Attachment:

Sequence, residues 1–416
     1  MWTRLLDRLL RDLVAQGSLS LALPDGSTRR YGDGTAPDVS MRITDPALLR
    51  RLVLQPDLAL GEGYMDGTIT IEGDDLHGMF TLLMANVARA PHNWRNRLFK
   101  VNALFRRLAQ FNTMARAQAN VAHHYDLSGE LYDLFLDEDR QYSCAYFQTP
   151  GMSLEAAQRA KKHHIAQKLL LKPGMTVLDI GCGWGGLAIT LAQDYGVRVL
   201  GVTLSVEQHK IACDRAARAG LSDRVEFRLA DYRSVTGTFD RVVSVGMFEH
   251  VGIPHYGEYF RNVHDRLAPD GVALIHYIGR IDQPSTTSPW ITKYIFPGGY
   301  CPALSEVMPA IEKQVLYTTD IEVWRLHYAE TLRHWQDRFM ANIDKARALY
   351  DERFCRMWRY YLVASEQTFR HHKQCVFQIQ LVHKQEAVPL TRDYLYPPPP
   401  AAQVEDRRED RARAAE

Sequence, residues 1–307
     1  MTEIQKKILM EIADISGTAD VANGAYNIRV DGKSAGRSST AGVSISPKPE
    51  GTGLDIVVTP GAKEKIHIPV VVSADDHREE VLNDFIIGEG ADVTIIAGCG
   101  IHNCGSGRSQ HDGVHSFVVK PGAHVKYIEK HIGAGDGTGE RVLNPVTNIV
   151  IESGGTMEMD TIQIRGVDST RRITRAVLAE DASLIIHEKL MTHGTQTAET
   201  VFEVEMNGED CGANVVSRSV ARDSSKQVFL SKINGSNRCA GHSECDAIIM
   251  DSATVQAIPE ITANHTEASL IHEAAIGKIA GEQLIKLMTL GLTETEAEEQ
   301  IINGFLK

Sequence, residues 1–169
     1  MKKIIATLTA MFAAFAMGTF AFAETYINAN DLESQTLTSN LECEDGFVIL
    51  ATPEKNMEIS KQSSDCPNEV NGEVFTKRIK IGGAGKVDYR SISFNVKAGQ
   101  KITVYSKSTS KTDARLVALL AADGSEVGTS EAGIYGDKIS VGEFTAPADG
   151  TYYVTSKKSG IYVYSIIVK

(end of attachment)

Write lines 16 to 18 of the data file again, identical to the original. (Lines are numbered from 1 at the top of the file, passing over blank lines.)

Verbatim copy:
   201  VFEVEMNGED CGANVVSRSV ARDSSKQVFL SKINGSNRCA GHSECDAIIM
   251  DSATVQAIPE ITANHTEASL IHEAAIGKIA GEQLIKLMTL GLTETEAEEQ
   301  IINGFLK